Study: Facebook and Twitter May Not Produce Business Leads

The pseudo-transparency of the social web contributes to a common marketing error – equating visitors with leads. Merely counting the number of unique website visitors is an insufficient method to determine the effectiveness of a marketing campaign. One must examine who the visitors are and what they sought once they landed. LeadForce1, a cloud-based B2B marketing automation platform developer, examined these factors for their enterprise clients, with findings to guide them – and us – on appropriate channels to generate leads.
The B2B Social Media Report Card concludes that for B2B enterprises:

  • Wikipedia “certainly” acts as a source of genuine leads who are looking for a solution.
  • LinkedIn promises to be a place to create brand awareness with other enterprises, but it may not contribute much towards quality lead generation.
  • Facebook and Twitter are “clearly” places for nurturing relationships, sharing good content and creating awareness – which may not directly result in lead generation.

The study used data collected from February 2010 through April 2010 for 261 B2B companies that are using LeadForce1 code on their corporate website; of these, 218 have active social media presence. Leads, in the marketing automation space of LeadForce1, are defined as enterprise visitors who may or may not convert into a prospect.
50% of the visitors came to the sites directly by typing in the website URL. Search engines are the second highest source of visitors to these B2B websites, followed by referral sites. Among referral visitors social media was the most significant, contributing nearly 15% of referral traffic.
Every third visitor to the B2B websites studied is an enterprise visitor. Of these, again, the highest number of visitors came directly to the site, search engines ranked second and social media channels were the third most popular source for enterprise visitors.
LinkedIn emerged as the clear frontrunner among the popular social media channels sending both the highest number of visitors and enterprise visitors to these sites. It was closely followed by Wikipedia. Bookmarking site Reddit and developer site Dzone were surprise elements – this could be because a significant number of LeadForce1 clients are technology sites with presence on these networks. Twitter, Facebook, Squidoo, Stumbleupon and Delicious were some of the other measurable contributors to traffic.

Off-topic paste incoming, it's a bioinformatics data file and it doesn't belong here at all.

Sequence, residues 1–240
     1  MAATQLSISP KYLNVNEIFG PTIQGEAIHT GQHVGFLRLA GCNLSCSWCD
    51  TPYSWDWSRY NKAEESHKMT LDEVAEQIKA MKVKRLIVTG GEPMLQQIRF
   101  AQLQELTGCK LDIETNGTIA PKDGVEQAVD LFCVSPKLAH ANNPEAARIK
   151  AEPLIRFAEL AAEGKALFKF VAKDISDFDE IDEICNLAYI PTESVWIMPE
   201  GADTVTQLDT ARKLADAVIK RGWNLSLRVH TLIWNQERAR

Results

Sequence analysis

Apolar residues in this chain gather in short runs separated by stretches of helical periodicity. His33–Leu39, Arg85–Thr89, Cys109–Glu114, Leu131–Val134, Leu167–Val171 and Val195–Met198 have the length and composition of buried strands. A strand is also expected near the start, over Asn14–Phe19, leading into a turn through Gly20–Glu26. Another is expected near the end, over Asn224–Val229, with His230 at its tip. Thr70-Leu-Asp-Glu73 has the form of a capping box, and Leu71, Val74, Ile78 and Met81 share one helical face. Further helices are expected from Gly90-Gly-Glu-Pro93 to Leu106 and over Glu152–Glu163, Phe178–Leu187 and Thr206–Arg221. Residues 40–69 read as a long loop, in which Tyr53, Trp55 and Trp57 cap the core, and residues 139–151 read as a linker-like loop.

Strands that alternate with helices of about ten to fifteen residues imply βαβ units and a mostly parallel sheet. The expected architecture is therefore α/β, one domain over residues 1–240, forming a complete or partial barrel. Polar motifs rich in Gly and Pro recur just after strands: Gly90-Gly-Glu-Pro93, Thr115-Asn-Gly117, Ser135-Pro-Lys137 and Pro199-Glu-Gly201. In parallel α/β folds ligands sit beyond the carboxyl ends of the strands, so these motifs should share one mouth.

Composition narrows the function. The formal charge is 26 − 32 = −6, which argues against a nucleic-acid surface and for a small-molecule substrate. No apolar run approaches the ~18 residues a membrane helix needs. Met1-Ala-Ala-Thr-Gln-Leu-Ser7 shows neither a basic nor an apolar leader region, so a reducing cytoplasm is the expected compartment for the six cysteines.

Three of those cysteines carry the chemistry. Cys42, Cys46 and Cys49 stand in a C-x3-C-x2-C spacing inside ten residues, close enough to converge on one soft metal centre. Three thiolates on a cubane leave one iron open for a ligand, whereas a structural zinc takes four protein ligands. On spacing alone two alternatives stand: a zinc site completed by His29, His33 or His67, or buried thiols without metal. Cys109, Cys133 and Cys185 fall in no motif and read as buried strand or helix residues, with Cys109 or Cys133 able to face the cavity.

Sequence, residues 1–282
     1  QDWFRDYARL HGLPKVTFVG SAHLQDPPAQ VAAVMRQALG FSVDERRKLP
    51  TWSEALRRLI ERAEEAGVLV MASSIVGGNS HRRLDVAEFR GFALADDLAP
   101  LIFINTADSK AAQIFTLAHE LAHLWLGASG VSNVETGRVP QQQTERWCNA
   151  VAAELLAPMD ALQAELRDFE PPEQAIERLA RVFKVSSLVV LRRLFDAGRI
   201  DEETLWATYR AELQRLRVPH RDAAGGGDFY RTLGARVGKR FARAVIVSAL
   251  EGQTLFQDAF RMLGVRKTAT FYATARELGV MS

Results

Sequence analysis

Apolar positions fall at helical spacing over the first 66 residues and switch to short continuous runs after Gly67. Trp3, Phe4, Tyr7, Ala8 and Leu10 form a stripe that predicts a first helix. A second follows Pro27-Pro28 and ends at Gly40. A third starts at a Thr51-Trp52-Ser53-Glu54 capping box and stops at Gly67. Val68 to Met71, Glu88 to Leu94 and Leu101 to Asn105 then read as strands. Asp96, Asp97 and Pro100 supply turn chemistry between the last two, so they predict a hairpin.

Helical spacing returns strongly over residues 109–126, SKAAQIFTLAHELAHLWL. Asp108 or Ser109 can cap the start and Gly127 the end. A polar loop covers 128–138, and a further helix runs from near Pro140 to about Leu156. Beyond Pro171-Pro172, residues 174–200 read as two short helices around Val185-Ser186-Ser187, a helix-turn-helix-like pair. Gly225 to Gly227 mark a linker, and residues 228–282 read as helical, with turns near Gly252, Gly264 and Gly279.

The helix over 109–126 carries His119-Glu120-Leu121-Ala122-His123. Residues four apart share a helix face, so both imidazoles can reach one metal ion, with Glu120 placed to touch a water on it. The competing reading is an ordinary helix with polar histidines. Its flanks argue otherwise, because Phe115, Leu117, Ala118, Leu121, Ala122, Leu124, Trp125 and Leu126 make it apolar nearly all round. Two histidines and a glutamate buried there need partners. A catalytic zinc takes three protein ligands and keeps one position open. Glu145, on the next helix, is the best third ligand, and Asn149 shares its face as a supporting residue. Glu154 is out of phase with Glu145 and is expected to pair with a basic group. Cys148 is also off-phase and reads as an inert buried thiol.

The study looked at “pages of interest” – pages which people visited once they were on the website. Such data is essential to give marketers an idea of the kind of channels people visit for different kinds of information. In other words, you want to know the kind of information a visitor is most likely to be seeking when a s/he comes from a particular social media site.
LinkedIn accounts for the maximum number of visitors from any social media site to the B2B websites studied. The data shows that visitors who come in from LinkedIn were looking for more information on the company and the management behind the company or looking for job openings.
Wikipedia emerged as the most effective social media channel to bring in the most relevant and serious leads, as defined by LeadForce1. People who came to a website from Wikipedia were clearly in the research stage of their buying decision process, looking for more information on company offerings. This finding reiterates the belief that enterprises look for neutral content when researching a solution or a vendor.

According to LeadForce1, “The research tells us that people who come in from Twitter cannot be treated as leads or prospects.” People who come from Twitter mostly come to a website in search of content. A very miniscule percentage of the traffic checked out the products page and even lesser the contact us page.